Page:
Highways designers ‘must change approach to motorbikes’

A leading independent transport practice is calling for more attention to be paid to motorcycling when roads are planned and designed.

Local Transport Projects (LTP) recently authored Transport for London’s (TfL) Urban Motorcycle Design Handbook – a concise guide aimed at helping highways practitioners address the most pressing highway infrastructure issues affecting motorcyclists in the capital.

TfL is using the handbook to incorporate features into existing and future projects, and is promoting it to other traffic authorities and designers. LTP said the handbook is equally applicable to other parts of the UK.

LTP director Andy Mayo said there is potential for motorcycling to increase substantially in future, but pointed out that motorcycles already account for 21% of road fatalities in the UK, despite only accounting for around 1% cent of all traffic.

Mr Mayo said: ‘This is something that really needs to change. To put this into context, in 2015 there were 387 cyclists killed or seriously injured on London’s roads, for a mode share of 2%, compared with 540 motorcyclists and a 1% mode share.’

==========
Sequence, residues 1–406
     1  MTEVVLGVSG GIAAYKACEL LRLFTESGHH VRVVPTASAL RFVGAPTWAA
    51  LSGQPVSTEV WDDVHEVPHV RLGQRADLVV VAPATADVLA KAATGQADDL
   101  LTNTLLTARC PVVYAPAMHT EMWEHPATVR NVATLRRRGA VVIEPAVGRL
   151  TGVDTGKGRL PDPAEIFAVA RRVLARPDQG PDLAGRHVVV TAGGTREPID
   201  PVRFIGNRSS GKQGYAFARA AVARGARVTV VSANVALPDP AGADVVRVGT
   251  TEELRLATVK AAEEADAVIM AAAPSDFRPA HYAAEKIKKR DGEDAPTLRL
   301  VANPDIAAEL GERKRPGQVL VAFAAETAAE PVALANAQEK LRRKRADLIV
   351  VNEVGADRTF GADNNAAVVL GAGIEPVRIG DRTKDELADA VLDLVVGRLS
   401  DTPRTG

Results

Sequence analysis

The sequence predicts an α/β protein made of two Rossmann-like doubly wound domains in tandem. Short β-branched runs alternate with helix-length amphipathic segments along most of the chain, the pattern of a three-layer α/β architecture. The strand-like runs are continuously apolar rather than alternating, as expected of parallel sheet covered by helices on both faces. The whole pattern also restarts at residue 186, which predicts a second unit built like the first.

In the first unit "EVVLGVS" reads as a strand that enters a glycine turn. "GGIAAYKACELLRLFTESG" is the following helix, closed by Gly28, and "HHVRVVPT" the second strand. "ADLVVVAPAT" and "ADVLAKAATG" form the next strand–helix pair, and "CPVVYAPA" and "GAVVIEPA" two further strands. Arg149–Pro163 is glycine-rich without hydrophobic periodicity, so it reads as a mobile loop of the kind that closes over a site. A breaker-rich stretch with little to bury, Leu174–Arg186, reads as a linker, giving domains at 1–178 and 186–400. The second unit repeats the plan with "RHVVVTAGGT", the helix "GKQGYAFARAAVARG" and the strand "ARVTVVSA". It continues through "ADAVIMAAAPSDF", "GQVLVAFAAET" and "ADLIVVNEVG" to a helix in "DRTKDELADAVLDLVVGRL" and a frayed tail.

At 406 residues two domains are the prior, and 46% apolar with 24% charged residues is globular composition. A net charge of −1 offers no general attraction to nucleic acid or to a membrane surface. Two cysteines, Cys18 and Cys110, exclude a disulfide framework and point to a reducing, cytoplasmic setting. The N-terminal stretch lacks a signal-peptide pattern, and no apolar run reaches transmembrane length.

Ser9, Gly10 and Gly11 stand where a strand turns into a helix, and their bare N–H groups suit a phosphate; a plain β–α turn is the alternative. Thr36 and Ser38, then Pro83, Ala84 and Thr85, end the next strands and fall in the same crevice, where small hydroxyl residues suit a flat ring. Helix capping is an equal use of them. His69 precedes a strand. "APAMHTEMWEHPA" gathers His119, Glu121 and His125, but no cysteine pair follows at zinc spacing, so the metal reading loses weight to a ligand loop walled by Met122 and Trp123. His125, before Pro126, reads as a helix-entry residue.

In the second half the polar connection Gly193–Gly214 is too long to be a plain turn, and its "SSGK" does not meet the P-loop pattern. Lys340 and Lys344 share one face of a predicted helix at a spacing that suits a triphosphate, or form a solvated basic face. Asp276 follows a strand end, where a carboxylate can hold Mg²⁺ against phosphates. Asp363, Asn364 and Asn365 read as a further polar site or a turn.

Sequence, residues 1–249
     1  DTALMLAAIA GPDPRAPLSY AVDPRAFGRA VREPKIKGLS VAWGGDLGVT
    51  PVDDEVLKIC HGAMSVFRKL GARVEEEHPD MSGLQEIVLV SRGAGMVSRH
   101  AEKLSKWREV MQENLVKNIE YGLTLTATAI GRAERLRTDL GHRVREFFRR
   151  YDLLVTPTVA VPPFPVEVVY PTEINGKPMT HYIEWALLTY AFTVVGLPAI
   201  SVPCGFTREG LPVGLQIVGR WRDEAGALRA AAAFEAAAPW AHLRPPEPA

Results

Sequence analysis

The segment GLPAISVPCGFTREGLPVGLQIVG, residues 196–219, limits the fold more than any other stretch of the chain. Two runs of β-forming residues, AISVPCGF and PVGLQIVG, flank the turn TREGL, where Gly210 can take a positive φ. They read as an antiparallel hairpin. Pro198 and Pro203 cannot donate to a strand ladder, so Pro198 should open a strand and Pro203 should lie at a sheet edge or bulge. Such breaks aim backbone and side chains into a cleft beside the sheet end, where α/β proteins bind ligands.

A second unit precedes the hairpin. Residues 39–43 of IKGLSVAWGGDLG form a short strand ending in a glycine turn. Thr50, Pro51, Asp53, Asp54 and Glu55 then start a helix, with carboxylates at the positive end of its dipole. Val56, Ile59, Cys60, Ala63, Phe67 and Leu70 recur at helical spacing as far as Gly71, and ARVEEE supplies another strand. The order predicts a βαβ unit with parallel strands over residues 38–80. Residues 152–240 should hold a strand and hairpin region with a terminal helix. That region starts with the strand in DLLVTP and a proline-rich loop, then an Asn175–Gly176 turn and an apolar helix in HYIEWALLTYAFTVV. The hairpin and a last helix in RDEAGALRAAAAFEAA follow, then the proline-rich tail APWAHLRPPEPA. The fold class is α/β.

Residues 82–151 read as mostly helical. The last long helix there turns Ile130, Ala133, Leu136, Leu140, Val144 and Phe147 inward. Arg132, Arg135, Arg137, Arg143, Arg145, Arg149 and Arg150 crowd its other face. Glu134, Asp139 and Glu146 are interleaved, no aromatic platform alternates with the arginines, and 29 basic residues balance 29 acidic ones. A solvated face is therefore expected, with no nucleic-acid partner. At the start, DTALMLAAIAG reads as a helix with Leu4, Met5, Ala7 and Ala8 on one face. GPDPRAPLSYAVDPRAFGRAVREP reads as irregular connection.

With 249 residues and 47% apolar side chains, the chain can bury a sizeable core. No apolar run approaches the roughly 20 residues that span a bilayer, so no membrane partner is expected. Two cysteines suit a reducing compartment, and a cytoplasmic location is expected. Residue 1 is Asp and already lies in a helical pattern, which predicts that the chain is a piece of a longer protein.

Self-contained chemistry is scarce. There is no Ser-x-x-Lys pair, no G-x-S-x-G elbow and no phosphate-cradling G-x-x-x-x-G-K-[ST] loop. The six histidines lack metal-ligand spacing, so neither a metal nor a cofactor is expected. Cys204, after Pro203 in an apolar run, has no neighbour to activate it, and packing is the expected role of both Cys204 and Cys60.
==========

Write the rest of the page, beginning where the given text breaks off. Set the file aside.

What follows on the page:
Although he acknowledges that better highway design will not eradicate the problem, he pointed out that techniques in the TfL handbook can be utilised all over the UK to reduce the likelihood of collisions involving motorcycles.

It covers areas such as factors affecting the road surface and grip, visibility, roadside features and the design of traffic calming measures.

Lilli Matson, TfL’s head of strategy and outcome planning, said: ‘By working with outside organisations to provide training and guidance on highway design, we can work together to reduce road danger for all motorcyclists.’

LTP provides transport planning, traffic engineering and highway design services. It is also involved in designing and developing infrastructure for cyclists and is currently working on the Quietway cycle project in London.

 
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